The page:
Early hominids and apes had a powerful incentive to overindulge in fermented fruits and other high-sugar resources, such as honey: these foods are only available in season. It might have been possible to store seeds or nuts in a dark, cool cave for a future repast, but tactics had not yet been devised to protect sweet, alcoholic delights from marauders and microorganisms. To tide themselves over the lean seasons, it made sense for our ancestors to eat and drink as much as they could when it could be had.

Gorging on energy-rich sugar and alcohol was an excellent solution for surviving in an often resource-poor and hostile environment. Extra calories could be converted to fat for future use, then gradually burned off in harsher times. For an early hominid, most of this energy was probably channeled into walking considerable distances in search of ripe fruit, nuts and other foods, hunting game, and evading predators. The hominid body, with its powerful leg muscles and generous gluteus maximus behind to balance forward thrust, can achieve relatively high running speeds of up to 48 kilometers an hour. Any overweight individuals were likely quickly weeded out by lions traveling at more than 120 kilometers an hour.

Drunkenness places individual organisms at greater risk of attack by a hostile species, as their reflexes and physical prowess are inhibited. Social animals, including birds and monkeys, have a distinct advantage when engaging in a bout of gluttony. As their muscular coordination and mental acuity decrease, their large numbers help ward off any party crasher in the neighborhood. Before lapsing into oblivion, these animals also usually send up a collective alarm or battle en masse against the intruder. A location safe from attack also facilitates binging, whether by default (if, for example, the inebriating substance is found at the top of a tall tree) or by design, if the fermented food and drink are carried to a mountaintop or into a cave before the festivities begin.

The reasons for alcohol consumption in the animal world are invisible to the observer. Specialists in animal behavior cannot read the thoughts of fruit flies or chimpanzees, let alone extinct hominids, to understand what might compel them to eat a batch of fermenting fruit. Although geneticists and neuroscientists have begun to elucidate the molecular mechanisms by which organisms sense, respond to, and metabolize alcohol, any comprehensive explanation of this phenomenon is still a long way off.


How far back in the mists of archaeological time have humans savored alcohol, and how has it shaped us as a biological species and contributed to our cultures? The drunken monkey hypothesis explores the biological side of the question. The Neolithic period, beginning around 8000 B.C. in the Near East and China (chapters 2 and 3), provides a rich trove of archaeological material to mine for answers to the cultural questions. Humans were then settling down into the first permanent settlements, and they left abundant traces of their architecture, jewelry, painted frescoes, and newly invented pottery filled with fermented beverages. For the Palaeolithic period, beginning hundreds of thousands of years earlier, we are on much shakier ground. Yet this is undoubtedly the time when humans first experimented with alcoholic beverages, as they relished their fermented fruit juices and came to apprehend their ecstasies and dangers.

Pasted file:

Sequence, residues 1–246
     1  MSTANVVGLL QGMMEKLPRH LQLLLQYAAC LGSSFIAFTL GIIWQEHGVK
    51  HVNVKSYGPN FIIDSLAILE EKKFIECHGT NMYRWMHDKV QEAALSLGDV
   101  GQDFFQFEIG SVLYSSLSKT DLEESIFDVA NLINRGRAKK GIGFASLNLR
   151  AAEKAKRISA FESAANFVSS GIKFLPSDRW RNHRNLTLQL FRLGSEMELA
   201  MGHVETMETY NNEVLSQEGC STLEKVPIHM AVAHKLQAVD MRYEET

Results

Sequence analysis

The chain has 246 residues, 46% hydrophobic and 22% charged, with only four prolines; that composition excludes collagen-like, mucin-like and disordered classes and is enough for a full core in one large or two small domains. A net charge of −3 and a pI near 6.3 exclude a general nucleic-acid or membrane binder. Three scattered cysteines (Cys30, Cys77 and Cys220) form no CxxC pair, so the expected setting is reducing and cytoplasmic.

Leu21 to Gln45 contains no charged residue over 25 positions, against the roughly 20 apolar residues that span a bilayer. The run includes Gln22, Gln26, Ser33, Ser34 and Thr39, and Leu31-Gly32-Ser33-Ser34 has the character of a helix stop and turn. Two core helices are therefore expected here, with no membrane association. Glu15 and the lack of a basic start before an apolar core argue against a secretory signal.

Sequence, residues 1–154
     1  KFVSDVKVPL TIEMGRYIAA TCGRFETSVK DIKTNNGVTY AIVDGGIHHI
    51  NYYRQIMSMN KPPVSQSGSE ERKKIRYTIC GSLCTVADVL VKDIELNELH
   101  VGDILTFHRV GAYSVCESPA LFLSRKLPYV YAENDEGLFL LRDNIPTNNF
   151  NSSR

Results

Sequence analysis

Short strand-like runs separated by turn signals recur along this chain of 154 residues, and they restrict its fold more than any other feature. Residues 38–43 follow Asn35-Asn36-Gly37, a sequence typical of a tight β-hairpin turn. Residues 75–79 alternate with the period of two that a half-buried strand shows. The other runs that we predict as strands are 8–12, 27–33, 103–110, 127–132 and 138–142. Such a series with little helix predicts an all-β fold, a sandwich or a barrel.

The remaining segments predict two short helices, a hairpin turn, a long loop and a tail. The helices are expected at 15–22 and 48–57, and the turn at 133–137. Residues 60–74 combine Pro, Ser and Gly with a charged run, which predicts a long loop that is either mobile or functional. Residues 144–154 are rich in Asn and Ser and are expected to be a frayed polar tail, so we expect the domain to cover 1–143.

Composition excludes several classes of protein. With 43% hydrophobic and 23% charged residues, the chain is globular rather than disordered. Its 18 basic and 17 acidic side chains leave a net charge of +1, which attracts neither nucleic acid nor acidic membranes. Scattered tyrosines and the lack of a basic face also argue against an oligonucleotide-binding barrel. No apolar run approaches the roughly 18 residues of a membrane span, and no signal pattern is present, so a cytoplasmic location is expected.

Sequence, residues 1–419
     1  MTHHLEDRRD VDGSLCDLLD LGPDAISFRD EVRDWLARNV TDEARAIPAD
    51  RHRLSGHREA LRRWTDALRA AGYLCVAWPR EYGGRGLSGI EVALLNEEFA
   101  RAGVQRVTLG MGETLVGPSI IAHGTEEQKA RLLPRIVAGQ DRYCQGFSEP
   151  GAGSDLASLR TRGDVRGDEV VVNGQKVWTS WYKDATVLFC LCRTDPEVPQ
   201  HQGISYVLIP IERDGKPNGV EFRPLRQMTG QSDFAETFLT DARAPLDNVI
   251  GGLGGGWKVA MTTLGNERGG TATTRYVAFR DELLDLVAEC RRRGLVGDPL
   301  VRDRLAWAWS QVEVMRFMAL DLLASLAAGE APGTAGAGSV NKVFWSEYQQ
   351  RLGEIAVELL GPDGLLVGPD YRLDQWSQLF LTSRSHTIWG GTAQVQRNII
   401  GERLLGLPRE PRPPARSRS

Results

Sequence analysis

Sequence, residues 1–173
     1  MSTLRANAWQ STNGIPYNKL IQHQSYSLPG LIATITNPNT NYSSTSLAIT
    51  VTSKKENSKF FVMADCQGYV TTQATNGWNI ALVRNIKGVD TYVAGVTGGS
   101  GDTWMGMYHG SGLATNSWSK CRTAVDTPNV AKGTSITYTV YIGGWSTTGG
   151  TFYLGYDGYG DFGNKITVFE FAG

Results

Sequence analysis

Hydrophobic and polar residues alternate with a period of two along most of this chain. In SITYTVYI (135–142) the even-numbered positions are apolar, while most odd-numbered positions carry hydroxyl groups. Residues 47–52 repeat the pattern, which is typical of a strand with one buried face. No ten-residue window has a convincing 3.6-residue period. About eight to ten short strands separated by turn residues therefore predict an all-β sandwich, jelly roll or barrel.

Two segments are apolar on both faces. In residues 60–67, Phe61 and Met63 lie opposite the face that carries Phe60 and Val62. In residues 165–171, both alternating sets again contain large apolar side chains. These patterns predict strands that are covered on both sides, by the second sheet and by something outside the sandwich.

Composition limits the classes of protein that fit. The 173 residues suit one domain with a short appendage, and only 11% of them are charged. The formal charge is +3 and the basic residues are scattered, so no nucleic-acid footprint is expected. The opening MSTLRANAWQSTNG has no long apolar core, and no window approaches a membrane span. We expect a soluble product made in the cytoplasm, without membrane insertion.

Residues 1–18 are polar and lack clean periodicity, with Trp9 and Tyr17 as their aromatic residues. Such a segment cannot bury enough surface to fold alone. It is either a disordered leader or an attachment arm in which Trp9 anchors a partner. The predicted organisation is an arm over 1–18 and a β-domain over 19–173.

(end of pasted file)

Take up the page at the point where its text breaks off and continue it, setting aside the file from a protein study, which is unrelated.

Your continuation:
The evidence from Palaeolithic archaeology is scant, and it is easy to overinterpret and read modern notions into this fragmented past. Archaeologists once thought that early humans were meat eaters on a grand order because their encampments were littered with animal bones. Then it dawned on someone that the remains of any fruits or vegetables simply had not survived, and that the abundance of bones, which were infinitely better preserved, indicated only that meat constituted some portion, possibly minor, of the early human diet.

Figure 1. © The New Yorker Collection 2005, Leo Cullum from All rights reserved.

In Ancient Wine I outlined a plausible scenario, which I refer to as the Palaeolithic hypothesis, explaining how Palaeolithic humans might have discovered how to make

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    This seemed better organized than his previous book Ancient Wine and I'd recommend skipping over Ancient Wine and just reading this unless you're a huge wine buff. Parts of Ancient Wine were touched on, but there's a much broader and more interesting scope of this book. The parts on the New World ancient fermentation techniques in particular fired up my imagination.McGovern sometimes has the habit of jumping to conclusions a little, but his mentions of the science behind the discovery is interesting and informative.

    1 persona l'ha trovata utile